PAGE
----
Lineal heavyweight champion Tyson Fury 27-0-1 (19) has revealed the real reason he didn’t complain in the ring after his controversial draw with WBC heavyweight champion Deontay Wilder 40-0-1 (39) at the Staples Center in Los Angeles, California on Saturday night.
The 30-year-old self-described ‘Gypsy King’ had to settle for a draw after outboxing the 33-year-old American for much of the fight before finding himself on the canvas in the ninth and twelfth rounds.
Fury was surprisingly circumspect in his post-fight interview after the split draw was announced.
Instead of expressing his disappointment with the result of a fight many thought he deserved to win, Fury told Showtime he was proud of effort instead. Later, he revealed the reasoning behind his comment.
“You know what it was?” Fury said. “I was telling my brothers and my family to keep quiet. Because there were about 10,000 travellers, Brits, that came from around the world [to attend the fight].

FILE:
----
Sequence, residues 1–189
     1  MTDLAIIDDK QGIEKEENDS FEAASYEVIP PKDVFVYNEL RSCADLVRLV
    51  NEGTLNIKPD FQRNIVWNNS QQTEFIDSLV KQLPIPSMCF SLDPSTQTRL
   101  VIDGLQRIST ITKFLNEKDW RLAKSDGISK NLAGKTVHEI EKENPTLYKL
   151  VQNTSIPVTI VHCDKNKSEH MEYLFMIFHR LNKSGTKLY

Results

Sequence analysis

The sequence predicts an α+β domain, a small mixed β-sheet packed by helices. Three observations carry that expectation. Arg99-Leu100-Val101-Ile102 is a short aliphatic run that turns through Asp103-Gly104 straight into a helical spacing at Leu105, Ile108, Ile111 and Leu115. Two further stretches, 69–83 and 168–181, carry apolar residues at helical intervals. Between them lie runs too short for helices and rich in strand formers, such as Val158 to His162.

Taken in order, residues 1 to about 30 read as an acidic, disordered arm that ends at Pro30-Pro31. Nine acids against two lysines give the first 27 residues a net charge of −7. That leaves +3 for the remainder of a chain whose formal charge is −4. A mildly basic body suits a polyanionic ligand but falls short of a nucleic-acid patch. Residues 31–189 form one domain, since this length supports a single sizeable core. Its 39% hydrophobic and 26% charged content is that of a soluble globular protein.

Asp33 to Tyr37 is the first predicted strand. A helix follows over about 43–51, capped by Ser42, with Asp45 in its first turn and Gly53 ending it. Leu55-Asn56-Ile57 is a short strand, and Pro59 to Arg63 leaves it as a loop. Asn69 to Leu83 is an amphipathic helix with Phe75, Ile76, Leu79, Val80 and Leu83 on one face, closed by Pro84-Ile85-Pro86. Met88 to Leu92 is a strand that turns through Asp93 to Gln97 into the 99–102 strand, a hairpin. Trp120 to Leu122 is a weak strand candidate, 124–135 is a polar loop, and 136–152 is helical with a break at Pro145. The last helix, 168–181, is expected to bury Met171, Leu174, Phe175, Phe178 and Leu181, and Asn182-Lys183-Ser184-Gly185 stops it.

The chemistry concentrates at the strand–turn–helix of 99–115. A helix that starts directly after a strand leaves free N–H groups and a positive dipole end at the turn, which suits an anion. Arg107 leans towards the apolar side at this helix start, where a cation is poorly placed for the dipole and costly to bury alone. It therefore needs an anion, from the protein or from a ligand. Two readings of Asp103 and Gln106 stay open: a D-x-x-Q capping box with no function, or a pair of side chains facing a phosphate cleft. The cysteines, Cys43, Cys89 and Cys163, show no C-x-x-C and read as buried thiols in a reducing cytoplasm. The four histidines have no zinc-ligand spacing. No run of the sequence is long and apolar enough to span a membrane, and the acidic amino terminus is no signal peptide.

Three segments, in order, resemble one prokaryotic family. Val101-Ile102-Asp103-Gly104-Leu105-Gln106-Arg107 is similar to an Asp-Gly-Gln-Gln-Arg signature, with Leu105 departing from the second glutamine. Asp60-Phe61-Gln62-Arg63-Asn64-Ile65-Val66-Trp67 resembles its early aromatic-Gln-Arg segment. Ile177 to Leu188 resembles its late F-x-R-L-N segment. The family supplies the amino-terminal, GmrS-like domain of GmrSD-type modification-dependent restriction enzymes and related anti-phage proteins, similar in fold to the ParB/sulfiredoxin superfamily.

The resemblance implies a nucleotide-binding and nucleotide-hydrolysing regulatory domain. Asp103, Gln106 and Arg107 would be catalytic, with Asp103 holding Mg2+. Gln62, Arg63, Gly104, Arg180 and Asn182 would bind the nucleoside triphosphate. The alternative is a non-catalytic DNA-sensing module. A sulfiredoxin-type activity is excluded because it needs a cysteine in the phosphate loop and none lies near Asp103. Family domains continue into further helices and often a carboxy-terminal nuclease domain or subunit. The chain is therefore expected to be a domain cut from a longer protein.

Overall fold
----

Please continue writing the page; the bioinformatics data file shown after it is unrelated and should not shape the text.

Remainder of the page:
“They probably would have smashed this arena up if I’d instigated it. I mean to the floor. I just wanted to be an ambassador for my country and my people.”
Fury won over a lot of fans with his heroic ability to beat the count in the twelfth and final round after he was dropped heavily by a right-left combination from the notoriously powerful Wilder. He praised veteran referee Jack Reiss for allowing him to continue.
“You can’t go swimming and not get wet. And I got wet. I got drenched actually,” said Fury. “Fair play to Jack Reiss, he’s fantastic referee, the best I’ve ever experienced.
“He did say in the changing room before the fight, ‘If anyone goes down I will give you chance to prove you’re okay. But you must prove you’re okay, otherwise I will stop the fight’.
“I done myself proud. It could easily have been a riot there last night, but I calmed the situation down by not complaining about the decision.”
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